'The Oath': Ike Barinholtz on How "Absurd" Political Climate Led to Trump-Era Comedy

Courtesy of Topic Studios and Roadside Attractions

The writer, director and star of the black comedy/horror hybrid movie explains how entertainment can help people process political division: "The holiday table in America is forever changed."

Much has been said about the rise of horror and dystopian films in the Trump era, though few recent genre titles explicitly deal with the White House's policy decisions or communications. Fiction that envisions a U.S. where books are outlawed or women forced to become sex slaves, instead, has inspired essays on the contemporary state of the American legislative, judiciary and executive branches.  

Writer-director Ike Barinholtz's new movie — a black comedy/horror fusion — is far less elliptical about its parallels. Set at a time when an increasingly nationalist American government is asking its citizens to sign a non-mandatory loyalty pledge to their country ("the oath" of the film's title), the film follows one family whose members splinter along political lines over the course of a Thanksgiving vacation. Chris (Barinholtz) is a liberal enraged by the government's "oath" and actions against dissidents, while his conservative brother Pat (Jon Barinholtz) sees nothing wrong with patriotism. Their sister Alice (Carrie Brownstein) and Chris' wife Kai (Tiffany Haddish) want to take a stand over the family's dinner table, but is ultimately forced to when two government agents (John Cho and Billy Magnussen) come calling.

The story was inspired, Barinholtz said, by his realization after one post-2016 election Thanksgiving dinner that since the election of President Donald Trump, "the holiday table in America is forever changed." Produced by QC Entertainment, the company behind Get Out and BlacKkKlansman, The Oath follows in the vein of those two socially conscious films in its aim to spark conversation about the state of the U.S. in 2018.

Just before the film's L.A. premiere, Barinholtz spoke to The Hollywood Reporter about directing his first film, basing his "insufferable" character off of himself and why he thinks people will go to the movies to confront the nation's troubles, not just to see superheroes saving the day.

How did this story begin for you?

The impetus came very shortly after the [2016] election and was actually at my own Thanksgiving, which is a really big holiday for me and my family. After dinner, little bit of wine was going around, and my mother and my brother and I got in this argument and we kind of started blaming each other: "Well, this is why it happened, because of people like this." What struck me was that we're all on the same side, we all voted for the same person, [albeit] with different levels of enthusiasm, but we're aligned politically. I thought, "Oh my god, if this is happening in this house, what's happening around the country?" And in talking to my friends, who had all gone home, and my family, I knew that the holiday table in America is forever changed. The maxim "Don't talk politics at the table" is going to be harder than ever, you have to be really disciplined to not talk about politics now. [I figured] that arena, that Thanksgiving house where people are claustrophobically gathered together, combined with some kind of looming political crisis, would be a fun kind of story. That was really what I started off with it, and from there it started growing.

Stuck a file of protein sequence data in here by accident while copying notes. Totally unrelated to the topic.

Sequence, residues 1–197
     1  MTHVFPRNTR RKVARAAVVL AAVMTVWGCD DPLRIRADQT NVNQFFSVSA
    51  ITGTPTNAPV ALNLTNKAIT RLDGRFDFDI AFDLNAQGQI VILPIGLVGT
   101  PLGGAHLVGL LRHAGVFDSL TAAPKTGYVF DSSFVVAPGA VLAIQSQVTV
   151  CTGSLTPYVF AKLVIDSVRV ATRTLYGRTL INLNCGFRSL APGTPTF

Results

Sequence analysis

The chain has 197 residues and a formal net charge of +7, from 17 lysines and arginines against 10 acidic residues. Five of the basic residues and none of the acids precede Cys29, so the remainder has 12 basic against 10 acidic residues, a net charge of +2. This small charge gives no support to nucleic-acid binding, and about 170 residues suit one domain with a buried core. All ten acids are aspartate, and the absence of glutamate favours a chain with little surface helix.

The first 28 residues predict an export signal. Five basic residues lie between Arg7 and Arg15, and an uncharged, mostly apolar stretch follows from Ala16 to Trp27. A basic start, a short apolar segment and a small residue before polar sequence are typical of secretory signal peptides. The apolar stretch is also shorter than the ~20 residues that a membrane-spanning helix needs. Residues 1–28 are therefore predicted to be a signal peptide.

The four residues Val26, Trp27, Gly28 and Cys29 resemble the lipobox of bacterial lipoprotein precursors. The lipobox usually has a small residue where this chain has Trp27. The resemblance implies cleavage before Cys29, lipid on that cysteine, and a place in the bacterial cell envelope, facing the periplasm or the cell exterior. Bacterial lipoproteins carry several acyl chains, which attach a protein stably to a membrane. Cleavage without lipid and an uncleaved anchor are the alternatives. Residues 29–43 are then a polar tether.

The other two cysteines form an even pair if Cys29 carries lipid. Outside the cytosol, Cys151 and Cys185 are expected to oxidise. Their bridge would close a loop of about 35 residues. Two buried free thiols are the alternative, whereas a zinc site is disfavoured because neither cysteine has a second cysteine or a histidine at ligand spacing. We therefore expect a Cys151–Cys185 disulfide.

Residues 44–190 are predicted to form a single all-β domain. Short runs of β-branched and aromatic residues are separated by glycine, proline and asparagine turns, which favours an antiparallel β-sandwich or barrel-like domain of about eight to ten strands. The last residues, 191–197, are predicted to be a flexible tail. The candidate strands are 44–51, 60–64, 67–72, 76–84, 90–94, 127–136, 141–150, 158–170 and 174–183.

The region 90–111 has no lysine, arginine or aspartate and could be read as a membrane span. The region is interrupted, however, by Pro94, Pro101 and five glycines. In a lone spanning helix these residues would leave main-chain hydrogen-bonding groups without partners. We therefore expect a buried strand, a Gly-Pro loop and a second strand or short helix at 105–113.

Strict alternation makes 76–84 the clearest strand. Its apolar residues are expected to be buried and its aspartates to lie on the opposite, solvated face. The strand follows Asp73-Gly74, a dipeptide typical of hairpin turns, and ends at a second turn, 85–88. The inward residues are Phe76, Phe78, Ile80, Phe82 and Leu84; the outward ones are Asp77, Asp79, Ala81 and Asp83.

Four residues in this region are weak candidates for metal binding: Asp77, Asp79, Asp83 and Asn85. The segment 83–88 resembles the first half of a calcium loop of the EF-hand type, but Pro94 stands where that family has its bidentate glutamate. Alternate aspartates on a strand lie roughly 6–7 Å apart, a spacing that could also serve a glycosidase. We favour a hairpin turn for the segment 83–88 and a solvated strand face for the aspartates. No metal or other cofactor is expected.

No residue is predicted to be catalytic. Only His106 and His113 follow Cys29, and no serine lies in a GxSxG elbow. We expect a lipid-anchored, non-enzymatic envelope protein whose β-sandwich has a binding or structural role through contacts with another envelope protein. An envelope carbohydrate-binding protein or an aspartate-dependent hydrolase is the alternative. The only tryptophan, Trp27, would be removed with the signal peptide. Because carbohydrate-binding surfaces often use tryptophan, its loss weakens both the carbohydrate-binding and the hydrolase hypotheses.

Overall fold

With a hot-button topic like that, was it difficult to get all the necessary funding and backers in place?

I think on the surface some people might look at it and say, "This movie is political." But it's not about politics, it's about family and how they interact with each other and react to the world. So I really needed producers that saw that. I think the movie, while it shows both sides, it does kind of take a side: It takes the side that the government is changing very rapidly and bad things are happening. Early on, I had people tell me, "Well these guys over at QC [Entertainment], this is the kind of movie they're looking to make." And sure enough, they were the first people to read it and they were the first to step up and say, "We can do this; this is the kind of story we want to tell, you have a vision for it." They could not have been more supportive: Literally from the first time they read it to a couple of hours ago, they've been so great.

You've directed for television before, but this is your first feature-length film. How did you end up in the director's chair?